Supporting Phobics of Dentistry at Guys Hospital

Is this how you see your dentist?

A first hand story of Dental Phobia and it’s Possible Cure

Following horrific dental treatment as a child, I have not been able to have any treatment on my teeth for over 50 years without their using a general anaesthic, under which they would only do vital extractions, I thought I would never be able to relax in a dentist chair again. Until recently.

Due to massive tooth pain I had no choice to make an appointment with my local dentist. As is the normal routine, they referred me to the dental hospital at the Royal London Hospital. Knowing my history, they made me an appointment with their specialist care team. It was then that one of their dentists realized that I may qualify to take part in a new specialist project running at Guy’s hospital. I was willing to try anything by this stage, and so I waited for an appointment to be made by this project.

And so it was that I was introduced to the Dental Psychology team at the 26th floor of Guy’s Hospital, and met Clinical Nurse Specialist Geanina Bruj-Milasan.

Closeup of dentist tools and mouth open with beautiful teeth (not mine)

I was instantly put at rest when I found the first appointment would be purely to see if I were qualifying for the project. Once they realized I was, it was explained that the first appointments would not involve treatment of any kind, they would be no more than a talk with Geanina giving me a chance to actually handle the equipment used by dentists and dental hygenist. This was a comprehensive acquaint with tools from the mirror to , and including, drills and injection needles. It took around 5 appointments to see that I was re-assured that not only were the tools less horrid than I’d expected, but that I thought that I could start to carry out minor treatments, now knowing that is could stop the treatment at any time simply by raising my hand, also that I could request extra numbing gel at any time.

Tools of the trade

This training resulted in my confidence slowly returning as I now realized that I had some say over how things went.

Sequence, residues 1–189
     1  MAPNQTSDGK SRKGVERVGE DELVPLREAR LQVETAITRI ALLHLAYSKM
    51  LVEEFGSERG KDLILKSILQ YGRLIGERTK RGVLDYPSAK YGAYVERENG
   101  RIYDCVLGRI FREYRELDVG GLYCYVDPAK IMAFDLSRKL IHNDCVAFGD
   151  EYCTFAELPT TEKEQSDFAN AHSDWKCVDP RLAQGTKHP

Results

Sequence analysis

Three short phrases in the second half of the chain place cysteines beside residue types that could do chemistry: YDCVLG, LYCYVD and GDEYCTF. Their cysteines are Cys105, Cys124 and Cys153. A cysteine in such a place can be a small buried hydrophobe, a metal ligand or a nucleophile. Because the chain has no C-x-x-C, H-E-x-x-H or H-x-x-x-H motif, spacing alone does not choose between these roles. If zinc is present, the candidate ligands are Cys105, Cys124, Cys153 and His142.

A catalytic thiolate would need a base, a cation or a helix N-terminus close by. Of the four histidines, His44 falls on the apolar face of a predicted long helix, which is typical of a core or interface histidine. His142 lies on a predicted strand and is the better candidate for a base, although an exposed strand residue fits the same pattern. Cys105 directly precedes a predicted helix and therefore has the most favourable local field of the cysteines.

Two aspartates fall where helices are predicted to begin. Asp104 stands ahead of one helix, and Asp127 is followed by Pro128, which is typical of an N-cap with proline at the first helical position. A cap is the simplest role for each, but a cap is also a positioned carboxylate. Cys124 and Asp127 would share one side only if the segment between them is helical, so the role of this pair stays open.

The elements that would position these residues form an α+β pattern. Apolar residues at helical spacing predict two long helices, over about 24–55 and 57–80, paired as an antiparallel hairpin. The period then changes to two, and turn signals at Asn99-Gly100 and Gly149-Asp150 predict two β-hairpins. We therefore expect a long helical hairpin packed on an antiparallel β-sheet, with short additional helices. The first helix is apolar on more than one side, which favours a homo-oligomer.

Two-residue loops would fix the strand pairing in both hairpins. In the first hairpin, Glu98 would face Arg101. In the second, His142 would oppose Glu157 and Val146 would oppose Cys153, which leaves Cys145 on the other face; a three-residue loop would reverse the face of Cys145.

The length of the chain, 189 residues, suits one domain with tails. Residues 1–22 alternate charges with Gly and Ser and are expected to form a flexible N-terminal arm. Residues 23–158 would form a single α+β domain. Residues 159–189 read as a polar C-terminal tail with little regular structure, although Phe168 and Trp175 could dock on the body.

Actual treatment started once I had regained my confidence in the equipment and people around me. Firstly a dental practitioner capped one of my teeth, and I needed no more anaesthetic than the numbing gel.

Modern needles are almost as thin as a
human hair, and bend at the tiniest touch

Following this they arranged for a session with the dental hygienist who did some work on my teeth.

Both of these treatments were done with Geanina present in case I had any problems.

It was here that the problems caused by the Coronavirus lockdown took place, and so there was a delay in my receiving my next treatment. However after a few weeks break, I was back in. Gianina offered to be present, but I had sufficient confidence to undergo this treatment without her needing to be there.

It turned out that this appointment was to be an extraction. It was explained that all of the extra precautions (PPE equipment) were caused by rules to reduce the spread of Covid 19. Once I was comfortable, a nasal cannula was strapped into position, and they adjusted the measure of gag and air to make me comfortable as possible, they then used numbing gel (which I had requested), and started carrying out the extraction. Luckily the tooth they had to extract was already loose, so the process didn’t last long.

I know that I was nervous during this extraction, but I realized that so would anybody be, so I was proud of myself in being able to have an extraction carried out without our having to peel me from the ceiling.

I will never be able to thank Gianian and the team at Guy’s Hospital for their input. I would recommend this service to any other phobics out there, and it would be great if all dental hospitals go just that bit out of their way to operate the same service, as I have now seen the benefits of this type of service.

I have just received the date for my next treatment – I’ll let you know how that goes.

Do you think the Lockdown is over?

On visiting a local park today,

I thought the lockdown was over.

I'm Sick 1

There was little evidence of anyone obeying the social distance rulings. Some tried but the sheer number of those wanting to sunbathe was too high.

There was no sign of anyone wearing a mask – except for me!

All of this must result in an increase in the number of people who will be tested positive for Covid 19 during the next few weeks.

For a while I thought that we were a nation united in the battle against this virus. Sadly a few thought that the need to sunbathe was greater than the health of those obeying the rules on social distancing.

One key reason for this behaviour was  the relaxing of the rules, thus implying that the risks of passing on or catching Covid 19 were neglible.

The other problem was that England, Scotland, Northern Ireland and Wales all seemed to giving different information and directions.